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From Monday Dext, says Friday's Domi:.ion. standard makes of butter will bo advanced another Id, per lb., makit g tbe wholesale price Is 2|d. per 11 , and the retail price Is 4d. per lb. On making inquires.on Thursday as to be unusually early rise made locally for butter, the reason given was Ihe high prices, ruling on tbe Horn-' markets. This is from £6 16s to £6 18s per ton, or roughly from Is 2|-d t) 1* 2|d per lb., practically the tbe p, : ee charged to retailers by the dairy produce merchants It would be impracticable to sell butter in New Zealand for less than what it is ob tainj; i at Home, but so far it must pay nnrchants better to sell here at Is 21, nid.her than pay all freight and transport charges and sell at Home at Is did, but the quantity consumed locally is small compared with that shipp d to England, and merchants band ing tho output of factories natanily wish to take advantage of tbo £.»od prices ruling in England for the It 1 ge lots they are able to send at this lime of the year, and the longsuffeiing public have to grin and bear it.

YYY.h flour being sold wholesale as high i<a £18 per ton (in the bakehouse) sugai being sold wholesale at £&1 103, and t:early every line of general grocery advanced a trifle, tbe cost of liv ing is, becoming a very serious matter to most people. Housekeepers know pretty well by this that the grocers' and bakers' bills have advanced at least 25 per cent since the war broke out, and are asking oue another when tbe all rounti increase is to end, With the big demand in Europe for cane sugar (consequent upon the cutting off of German beet supplies), the price, for that commodity is not likely to fall, and with the partial failure of the wheat crops both in Australia and New Zealand, flour (and consequently bread) is not likely to regain its nor mal for at least another twelve months. The positiou locally is likely to be accentuated by a poor fruit and potato season.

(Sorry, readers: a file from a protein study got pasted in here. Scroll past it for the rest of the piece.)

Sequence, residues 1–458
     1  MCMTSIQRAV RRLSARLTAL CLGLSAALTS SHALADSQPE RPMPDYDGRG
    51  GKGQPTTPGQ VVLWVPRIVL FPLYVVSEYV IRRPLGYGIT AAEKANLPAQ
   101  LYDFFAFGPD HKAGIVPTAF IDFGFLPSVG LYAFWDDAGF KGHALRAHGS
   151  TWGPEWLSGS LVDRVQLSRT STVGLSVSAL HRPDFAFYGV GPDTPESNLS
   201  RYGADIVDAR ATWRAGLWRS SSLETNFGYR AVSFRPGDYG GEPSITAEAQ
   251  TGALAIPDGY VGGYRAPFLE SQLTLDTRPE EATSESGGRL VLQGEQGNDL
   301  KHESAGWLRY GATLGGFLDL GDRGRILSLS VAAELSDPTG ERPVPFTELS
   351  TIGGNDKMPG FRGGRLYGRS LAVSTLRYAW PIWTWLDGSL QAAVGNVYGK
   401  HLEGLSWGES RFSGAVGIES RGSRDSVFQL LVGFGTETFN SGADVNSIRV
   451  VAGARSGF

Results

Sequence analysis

A factor has been the phenomenally dry winter aftid' spring experienced throughout the country, When con suited yesterday one gentleman? in re ferring to the abnormal conditions, staled that at one factory in Taranaki 250,000 gallons of milk were rec&ived dating September in . excess of the quantity recorded far tbe correspond ii g month of last year, but in October there was a drop of 500,000 gallons in the supply compared with that period last year.

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Bibliographic details

RISE IN BUTTER., Akaroa Mail and Banks Peninsula Advertiser, Volume LXXIV, Issue 3467, 5 January 1915

Word Count

RISE IN BUTTER. Akaroa Mail and Banks Peninsula Advertiser, Volume LXXIV, Issue 3467, 5 January 1915

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